An Orderly Withdrawal From the Euro: Like an Orderly Car Crash

During my time on the Treasury desk at KBC Financial Products in London, I was inordinately proud of a synthetic securitization transaction we structured, exotically named Picaros Funding LLP (a Belgian bank, so we named it after a Tintin story, naturally), which not only saved a considerable amount in funding costs but also won Euromoney’s “European Structured Finance Deal of the Year” award for 2005. I dined out on Picaros for quite some time, until the boss pointed out quite rightly, “Remember, you’re only as good as your last deal!” It’s the same for everyone—Fernando Torres moved from Liverpool to Chelsea for a record breaking £50 million ($79.3 million) and then took months before he scored a goal for his new club. His track record at Liverpool counted for nothing during this fallow period.

Crash Test
Crash Test

What is the connection with macroeconomics? Only this: Beware of employing sacred cows who made their reputations, however formidable, in the past when conditions were quite different, in policy making today unless one is prepared to challenge their recommendations whenever these are not necessarily appropriate. In the aftermath of the financial crisis, governments turned to individuals who may have worked in a bank 20 or 30 years before, if they worked in one at all, when looking to draft regulatory responses to the crash. Their responses may not be workable for current times.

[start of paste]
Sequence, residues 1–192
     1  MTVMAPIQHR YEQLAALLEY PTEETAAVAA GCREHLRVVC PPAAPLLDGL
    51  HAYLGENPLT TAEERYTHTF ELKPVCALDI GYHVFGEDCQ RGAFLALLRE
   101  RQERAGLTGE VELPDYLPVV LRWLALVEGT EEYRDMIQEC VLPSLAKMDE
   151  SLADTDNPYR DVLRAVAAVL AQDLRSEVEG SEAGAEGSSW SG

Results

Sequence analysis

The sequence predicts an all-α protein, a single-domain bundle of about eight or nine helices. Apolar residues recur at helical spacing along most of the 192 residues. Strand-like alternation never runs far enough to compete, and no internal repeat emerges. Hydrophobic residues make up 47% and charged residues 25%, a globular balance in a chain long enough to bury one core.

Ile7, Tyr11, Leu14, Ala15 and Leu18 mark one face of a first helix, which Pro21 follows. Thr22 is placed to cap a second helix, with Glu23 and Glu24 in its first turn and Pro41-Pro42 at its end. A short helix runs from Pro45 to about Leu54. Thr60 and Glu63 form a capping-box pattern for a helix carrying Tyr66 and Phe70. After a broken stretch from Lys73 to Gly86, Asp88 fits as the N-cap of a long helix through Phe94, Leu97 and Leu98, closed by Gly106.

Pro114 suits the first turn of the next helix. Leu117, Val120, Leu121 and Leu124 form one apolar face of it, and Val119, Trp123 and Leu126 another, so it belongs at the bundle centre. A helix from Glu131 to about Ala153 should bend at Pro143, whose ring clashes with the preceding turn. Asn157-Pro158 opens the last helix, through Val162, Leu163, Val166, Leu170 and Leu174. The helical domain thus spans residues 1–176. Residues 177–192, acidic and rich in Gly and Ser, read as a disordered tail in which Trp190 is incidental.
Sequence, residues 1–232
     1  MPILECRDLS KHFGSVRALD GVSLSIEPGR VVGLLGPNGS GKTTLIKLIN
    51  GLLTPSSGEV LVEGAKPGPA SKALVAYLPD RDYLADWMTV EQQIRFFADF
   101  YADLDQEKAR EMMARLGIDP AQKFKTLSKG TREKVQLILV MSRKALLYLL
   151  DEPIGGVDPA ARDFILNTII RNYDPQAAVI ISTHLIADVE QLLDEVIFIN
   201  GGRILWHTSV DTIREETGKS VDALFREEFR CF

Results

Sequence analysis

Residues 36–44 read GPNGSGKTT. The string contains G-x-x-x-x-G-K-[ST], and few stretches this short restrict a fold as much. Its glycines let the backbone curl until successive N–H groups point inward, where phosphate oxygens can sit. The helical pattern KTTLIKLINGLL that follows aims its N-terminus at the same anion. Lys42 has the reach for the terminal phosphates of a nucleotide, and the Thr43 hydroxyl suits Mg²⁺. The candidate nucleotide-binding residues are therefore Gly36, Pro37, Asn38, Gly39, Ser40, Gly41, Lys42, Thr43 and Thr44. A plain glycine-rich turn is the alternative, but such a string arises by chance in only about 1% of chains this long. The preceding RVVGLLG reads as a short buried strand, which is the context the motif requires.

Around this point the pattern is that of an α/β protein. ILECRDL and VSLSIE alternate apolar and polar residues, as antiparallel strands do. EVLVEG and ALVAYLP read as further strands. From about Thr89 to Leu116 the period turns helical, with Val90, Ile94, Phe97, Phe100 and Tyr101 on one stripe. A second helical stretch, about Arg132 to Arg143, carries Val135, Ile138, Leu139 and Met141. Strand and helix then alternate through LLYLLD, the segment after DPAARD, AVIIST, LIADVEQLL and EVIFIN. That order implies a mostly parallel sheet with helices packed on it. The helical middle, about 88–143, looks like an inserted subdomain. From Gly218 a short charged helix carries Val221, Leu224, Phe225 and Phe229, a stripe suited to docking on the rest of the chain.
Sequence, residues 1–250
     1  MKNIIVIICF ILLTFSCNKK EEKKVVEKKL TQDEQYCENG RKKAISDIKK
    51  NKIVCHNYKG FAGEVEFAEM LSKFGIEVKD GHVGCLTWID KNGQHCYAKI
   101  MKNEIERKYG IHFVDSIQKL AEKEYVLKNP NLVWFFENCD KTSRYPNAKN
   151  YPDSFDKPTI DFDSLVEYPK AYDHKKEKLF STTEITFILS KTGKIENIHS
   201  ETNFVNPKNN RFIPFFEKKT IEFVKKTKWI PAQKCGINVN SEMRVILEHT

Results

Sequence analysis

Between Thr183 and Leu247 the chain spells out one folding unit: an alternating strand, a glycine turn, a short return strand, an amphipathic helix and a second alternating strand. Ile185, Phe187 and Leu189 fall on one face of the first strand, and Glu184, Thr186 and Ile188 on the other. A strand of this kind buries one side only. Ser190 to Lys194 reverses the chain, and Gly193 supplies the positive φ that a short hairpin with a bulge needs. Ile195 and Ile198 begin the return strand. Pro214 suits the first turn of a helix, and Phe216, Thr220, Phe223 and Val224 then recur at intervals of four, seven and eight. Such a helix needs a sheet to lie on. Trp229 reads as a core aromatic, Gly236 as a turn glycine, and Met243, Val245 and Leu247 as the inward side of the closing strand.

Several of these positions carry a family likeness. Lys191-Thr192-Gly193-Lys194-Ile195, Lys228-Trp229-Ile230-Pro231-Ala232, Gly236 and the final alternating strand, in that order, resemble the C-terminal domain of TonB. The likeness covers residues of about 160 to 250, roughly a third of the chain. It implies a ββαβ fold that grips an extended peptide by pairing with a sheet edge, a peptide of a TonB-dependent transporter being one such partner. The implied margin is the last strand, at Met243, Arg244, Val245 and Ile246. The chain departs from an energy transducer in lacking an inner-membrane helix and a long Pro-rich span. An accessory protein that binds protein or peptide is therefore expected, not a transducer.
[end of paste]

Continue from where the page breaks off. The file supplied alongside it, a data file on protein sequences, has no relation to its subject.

Now to the point for this week: is it possible for a euro zone country to undertake an “orderly” withdrawal from the euro ? There is a competition being run currently to find the best solution on how this might be done. It has attracted responses from some well-known individuals of high repute, as well as some more esoteric ones such as the 11-year old Dutch schoolboy whose suggestion is that “Greece should quit the euro, revive the drachma and slap penalties on those who try to avoid holding the new currency.” That is certainly no less coherent a strategy than some of the other suggestions I have seen.

Whether we are considering the views of the Dutch youngster or the more established commentators, this column will ask only one question: if a country announced a withdrawal from the euro, how would it prevent an immediate and catastrophic bank run?

Unless the suggestion is that the government announces an instant conversion from euro to local currency, the minute that it did communicate such intent all depositors would withdraw their soon-to-be heavily devalued funds from local banks and place them elsewhere in the euro zone. That would precipitate a catastrophic banking crash in the home country, with corresponding knock-on effects in the entire euro zone. Perhaps simultaneously with the announcement of withdrawal, the EU will publish an order that withdrawn euros will not be acceptable as liabilities in “foreign” EU banks? It’s possible, if perhaps morally dubious.

The EU is stuck with the current euro membership, and the prospect of fiscal transfers from the north to the south, for many years to come. This is what comes from jumping in to a project without having thought through what many economists, starting with Professor Milton Friedman, had warned about in the 1990s: how does one have sustainable monetary union without political (or fiscal) union? The “Growth and Stability Pact” clearly didn’t cut it, even before the crash. The best lesson one learns from the entire euro project is that one should never get into something like this for political reasons (“ever closer union”) unless one is prepared to pay for it. And EU taxpayers are already paying for it.

The author is Professor Moorad Choudhry, Treasurer, Corporate Banking Division, Royal Bank of Scotland.

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